Entitled "Pin Cushion," this is the third and most compelling tale in Clay McLeod Chapman's latest theatrical venture, The Pumpkin Pie Show in Big Top. Faux circus posters hang on the walls of the tiny Red Room Theater, signifying the carnival-themed stories that comprise the evening's performance. The posters depict some of the circus acts mentioned in the show, such as The Iron Jaw. There's also an image of the Pumpkin Pie Show house band, One Ring Zero, which provides musical underscoring and transitions. Oftentimes, the music has an appropriately carnivalesque flair.
Chapman has gained something of a cult following for his darkly comic monologues. In this performance, the author plays only two of his characters--the son of the circus's Fat Lady (who spends his time at the dunking booth, taunting customers into taking a shot at him) and a hired hand at the circus who is drawn in by the lure of an ethereal trapeze artist. Chapman's vocal intonation is more like that of a spoken word artist than an actor; his line delivery, while energetic and richly theatrical, tends to be very similar from piece to piece.
It is therefore interesting to see what happens when another player speaks his words. Hanna Cheek plays The Iron Jaw in Chapman's tale, "Overbite." The piece initially seems like a sad account of love denied through the freakish power of the narrator's jaw, which enables her to suspend herself from a trapeze solely through the strength of her bite. Unfortunately, it also causes some problems in the bedroom: "I've chewed through suitors like a box of chocolates," she laments. Cheek has a sultry physical presence that is complemented by a slight lisp which, her character notes, is a result of having bitten off part of her own tongue before she ever bit off anyone else's.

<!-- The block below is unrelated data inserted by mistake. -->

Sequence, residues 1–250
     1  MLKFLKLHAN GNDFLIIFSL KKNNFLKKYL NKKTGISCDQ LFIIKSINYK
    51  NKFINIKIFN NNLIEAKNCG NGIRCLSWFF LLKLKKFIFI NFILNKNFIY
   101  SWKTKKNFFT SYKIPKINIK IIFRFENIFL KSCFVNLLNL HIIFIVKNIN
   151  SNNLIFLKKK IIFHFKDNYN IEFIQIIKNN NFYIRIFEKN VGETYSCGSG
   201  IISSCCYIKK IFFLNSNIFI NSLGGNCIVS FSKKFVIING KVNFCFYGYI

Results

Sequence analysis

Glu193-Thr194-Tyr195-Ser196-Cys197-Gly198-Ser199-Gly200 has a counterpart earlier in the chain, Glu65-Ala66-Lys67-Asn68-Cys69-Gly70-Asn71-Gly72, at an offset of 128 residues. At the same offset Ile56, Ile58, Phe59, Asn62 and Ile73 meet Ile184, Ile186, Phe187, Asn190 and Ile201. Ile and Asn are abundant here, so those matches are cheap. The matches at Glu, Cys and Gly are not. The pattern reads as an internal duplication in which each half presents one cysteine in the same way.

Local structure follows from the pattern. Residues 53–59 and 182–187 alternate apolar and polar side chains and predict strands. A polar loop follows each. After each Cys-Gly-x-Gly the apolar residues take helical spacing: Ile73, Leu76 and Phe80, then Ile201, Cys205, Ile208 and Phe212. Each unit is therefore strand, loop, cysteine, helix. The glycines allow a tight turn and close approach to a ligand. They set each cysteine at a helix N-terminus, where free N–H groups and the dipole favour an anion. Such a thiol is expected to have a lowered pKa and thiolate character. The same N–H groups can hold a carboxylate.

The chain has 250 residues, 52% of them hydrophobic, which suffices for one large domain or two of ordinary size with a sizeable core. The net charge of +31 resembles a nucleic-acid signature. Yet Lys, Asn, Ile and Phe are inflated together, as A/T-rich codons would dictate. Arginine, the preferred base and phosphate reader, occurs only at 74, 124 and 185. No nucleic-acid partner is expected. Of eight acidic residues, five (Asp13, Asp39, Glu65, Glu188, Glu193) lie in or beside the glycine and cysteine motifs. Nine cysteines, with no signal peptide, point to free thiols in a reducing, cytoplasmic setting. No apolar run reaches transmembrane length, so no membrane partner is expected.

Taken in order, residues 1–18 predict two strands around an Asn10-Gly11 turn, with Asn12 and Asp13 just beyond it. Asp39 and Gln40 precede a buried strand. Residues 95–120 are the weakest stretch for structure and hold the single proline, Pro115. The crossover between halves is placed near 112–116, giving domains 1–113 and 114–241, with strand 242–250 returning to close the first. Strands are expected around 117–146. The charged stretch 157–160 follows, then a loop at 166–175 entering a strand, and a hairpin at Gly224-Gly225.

The final act in Big Top is "Tummy Tamer," performed by Max Moore. The actor possesses enormously expressive eyes and an elastic face that is well-suited to this story, which features a lion tamer's head speaking from inside the stomach of the lion whom he had supposedly tamed. Unfortunately, despite Moore's frenetic energy, the piece is not as gripping as some of Chapman's other tales. Overall, in fact, this latest collection of Chapman stories lacks the punch of some of his previous shows. Nevertheless, the evening is still quite entertaining, and it's obvious that the cast takes delight in performing the material.
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